The 300-mm. standard that will soon be in action at seven Intel fabs worldwide is known for the pronounced increase in production capacity if affords the company. How Intel works internally and externally to cultivate expertise is at least as important in the way it increases knowledge and innovation capacity.
Asked how the company's internationally overlapped site selection teams share best practices, Leising says, "Our site selection and development process is managed internally by a small team in corporate real estate and is supplemented by functional experts from areas like human resources, tax, environmental, logistics, utilities, security, public affairs, legal and so on. The site selection team is responsible for ensuring that best practices are captured and implemented. The functional experts are also continually looking to improve the analysis that they do and search for best known methods, or BKMs, to help their evaluations. We also benchmark other companies and consultants to ensure we have a best-in-class process."
Looking outside, Leising says the company always focuses a large percentage of community investment in science, math, engineering and technology programs, delivering programs like "Teach to the Future," which provides teachers with skills. That program in January 2006 announced it would expand to reach 10 million teachers in developing nations, after training some 3 million since 2000. The company's Computer Clubhouses work in parallel by bringing technology and curriculum to underserved communities.
When it comes to work force training, Leising says, "We will adapt our programs to meet the need of the individual location — each site is a little different." Kiryat Gat is a case in point, and also shows how far down companies are drilling to cultivate the knowledge resources they know they're going to need.
"In Fab 18 we have a unique training program called 'Ofek,' implemented in conjunction with the Ministry of Industry and Trade and the Employment Service, which enables job seekers from the south to join the company's manufacturing lines. The course has been given seven times and about 180 of its graduates have been absorbed by Intel. Second, Intel cooperates with the Kiryat Gat education system and operates a variety of special science courses for the fifth and sixth grade pupils from about 25 local schools. In those programs, kids learn and experience an advanced level of science studies. The courses are delivered by 50 university and college science and engineering students who receive scholarships from Intel. This unique program was adopted and expanded to other parts of the country."
As all of Intel's projects unfold, so do its processes. After all, other companies from Samsung to Texas Instruments to Micron have their own mega-projects. In fact, one of Micron's projects is a global site search currently under way for a joint venture NAND chip plant it will operate along with Intel.
In parallel, the territories in which Intel operates are fabricating their own tools to keep them there: In May 2005, local county and city officials in Oregon, where 15,500 people work on seven different Intel campuses, approved property tax exemptions on Intel property in the state that amounted to a value of $25 billion.
According to an October 2004 report from the Center for Business Research at Arizona State University, Intel's current presence in Arizona has a $2.6 billion annual impact on the state's economy and supports 27,680 indirect Arizona jobs. Among the impact's components are approximately $50 million in taxes still paid each year by the company, $87.5 million in employee taxes and $276 million in goods and services purchased from Arizona-based businesses.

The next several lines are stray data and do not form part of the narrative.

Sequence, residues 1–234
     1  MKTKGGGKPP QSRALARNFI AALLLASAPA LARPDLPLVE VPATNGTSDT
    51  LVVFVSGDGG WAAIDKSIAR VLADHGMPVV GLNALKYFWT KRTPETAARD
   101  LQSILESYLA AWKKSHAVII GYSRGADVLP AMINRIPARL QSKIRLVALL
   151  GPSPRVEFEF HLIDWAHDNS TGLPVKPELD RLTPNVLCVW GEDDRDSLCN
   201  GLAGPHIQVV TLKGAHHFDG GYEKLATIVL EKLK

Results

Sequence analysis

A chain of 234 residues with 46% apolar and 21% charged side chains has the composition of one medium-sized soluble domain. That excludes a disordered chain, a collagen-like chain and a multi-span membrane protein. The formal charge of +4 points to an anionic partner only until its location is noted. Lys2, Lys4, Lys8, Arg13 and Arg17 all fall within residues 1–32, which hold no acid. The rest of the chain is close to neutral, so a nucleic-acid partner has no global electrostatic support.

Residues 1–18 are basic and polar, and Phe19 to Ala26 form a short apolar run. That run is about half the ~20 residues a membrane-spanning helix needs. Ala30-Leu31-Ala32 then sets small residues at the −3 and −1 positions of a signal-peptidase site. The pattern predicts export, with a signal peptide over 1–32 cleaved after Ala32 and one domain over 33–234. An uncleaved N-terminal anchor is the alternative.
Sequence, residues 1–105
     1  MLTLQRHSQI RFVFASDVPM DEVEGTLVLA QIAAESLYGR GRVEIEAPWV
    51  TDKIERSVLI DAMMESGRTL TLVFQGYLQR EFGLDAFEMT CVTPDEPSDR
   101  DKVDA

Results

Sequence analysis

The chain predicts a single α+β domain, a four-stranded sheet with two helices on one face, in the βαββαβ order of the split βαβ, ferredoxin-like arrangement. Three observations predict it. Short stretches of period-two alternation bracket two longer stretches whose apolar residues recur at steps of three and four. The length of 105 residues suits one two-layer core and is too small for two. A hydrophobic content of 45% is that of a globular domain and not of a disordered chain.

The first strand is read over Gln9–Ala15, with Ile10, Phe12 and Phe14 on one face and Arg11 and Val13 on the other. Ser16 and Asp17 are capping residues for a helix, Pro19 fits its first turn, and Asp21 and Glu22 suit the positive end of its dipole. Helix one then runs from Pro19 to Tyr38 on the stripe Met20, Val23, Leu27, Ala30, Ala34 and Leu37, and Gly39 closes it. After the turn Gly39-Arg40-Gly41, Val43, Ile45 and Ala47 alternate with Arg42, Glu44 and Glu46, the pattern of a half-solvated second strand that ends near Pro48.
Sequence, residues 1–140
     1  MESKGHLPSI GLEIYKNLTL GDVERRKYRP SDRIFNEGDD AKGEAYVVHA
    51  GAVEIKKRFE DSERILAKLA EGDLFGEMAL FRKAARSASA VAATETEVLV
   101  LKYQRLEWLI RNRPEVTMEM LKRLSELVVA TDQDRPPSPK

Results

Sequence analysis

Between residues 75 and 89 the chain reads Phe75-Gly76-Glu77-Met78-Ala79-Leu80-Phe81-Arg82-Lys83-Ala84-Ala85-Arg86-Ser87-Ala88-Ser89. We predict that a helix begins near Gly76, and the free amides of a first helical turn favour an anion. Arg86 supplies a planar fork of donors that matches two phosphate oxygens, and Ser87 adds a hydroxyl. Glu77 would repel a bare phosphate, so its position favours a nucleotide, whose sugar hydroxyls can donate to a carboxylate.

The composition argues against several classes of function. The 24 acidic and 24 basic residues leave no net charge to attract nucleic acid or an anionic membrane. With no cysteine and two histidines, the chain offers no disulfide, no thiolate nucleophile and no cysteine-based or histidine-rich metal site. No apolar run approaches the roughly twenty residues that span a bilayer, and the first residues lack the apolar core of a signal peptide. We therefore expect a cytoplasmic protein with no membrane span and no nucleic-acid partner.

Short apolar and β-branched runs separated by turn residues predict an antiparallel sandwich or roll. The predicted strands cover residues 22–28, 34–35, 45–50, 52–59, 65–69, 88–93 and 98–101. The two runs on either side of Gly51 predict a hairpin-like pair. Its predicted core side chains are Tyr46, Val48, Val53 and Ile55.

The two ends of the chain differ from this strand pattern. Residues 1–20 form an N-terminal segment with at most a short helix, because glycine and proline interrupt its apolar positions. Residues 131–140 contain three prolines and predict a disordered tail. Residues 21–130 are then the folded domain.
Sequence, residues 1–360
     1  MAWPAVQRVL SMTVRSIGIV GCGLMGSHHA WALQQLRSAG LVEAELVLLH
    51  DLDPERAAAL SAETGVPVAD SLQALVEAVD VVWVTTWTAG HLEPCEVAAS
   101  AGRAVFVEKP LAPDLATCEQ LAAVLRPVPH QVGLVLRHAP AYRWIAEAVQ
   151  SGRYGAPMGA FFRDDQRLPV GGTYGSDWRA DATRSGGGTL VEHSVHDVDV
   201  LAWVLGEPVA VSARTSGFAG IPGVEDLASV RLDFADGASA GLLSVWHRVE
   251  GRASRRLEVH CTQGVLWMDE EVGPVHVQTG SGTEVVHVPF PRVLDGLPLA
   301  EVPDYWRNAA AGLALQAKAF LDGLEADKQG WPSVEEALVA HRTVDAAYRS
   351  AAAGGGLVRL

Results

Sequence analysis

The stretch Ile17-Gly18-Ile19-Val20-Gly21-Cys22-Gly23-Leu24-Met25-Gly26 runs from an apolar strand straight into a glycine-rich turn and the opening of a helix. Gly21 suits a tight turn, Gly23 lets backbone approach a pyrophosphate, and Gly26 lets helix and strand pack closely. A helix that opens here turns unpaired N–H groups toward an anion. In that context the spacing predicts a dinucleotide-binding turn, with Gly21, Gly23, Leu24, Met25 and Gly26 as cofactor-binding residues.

An updated preliminary site development plan put before the Arizona community in April 2005 included the possibility — in addition to Fab 32 — of yet another fab along the west side of the company's property in Chandler.
Will that project and others come to fruition in the U.S.? What ensues in the nation's capital and in classrooms across the nation may help answer that question.
"The people here in this part of the world understand that when you have a research and development facility that promotes modern technology, it improves the quality of the life of the community in which the facility exists," said Pres. Bush during a February 2006 panel discussion held at Intel's Rio Rancho complex. And that has been, really, Craig Barrett's credo as the CEO of this company. He wants to provide a product that people want to buy, obviously … but he also understands … something called corporate responsibility. It's in his interest that there be corporate responsibility in Intel. In other words, Intel can only be strong if it has a work force that's capable of making sure this company is competitive in a global economy.
"We want to get 30,000 adjunct professors into classrooms — that's a fancy word for saying we want engineers and chemists and physicists in places like Intel, or retired professionals, to go in the classroom and excite students about the possibility of math and science" the president continued. "We need people walking into a classroom full of youngsters and saying, 'You're not going to believe how cool this profession is. You're not going to believe the horizons that will be available to you.' And one of the things Craig has encouraged Intel to do is do just that."
"Discovery, ingenuity and innovation have always been at the forefront of U.S. economic and technological leadership," says Leising. "Intel is concerned that the U.S. is losing its competitiveness edge."
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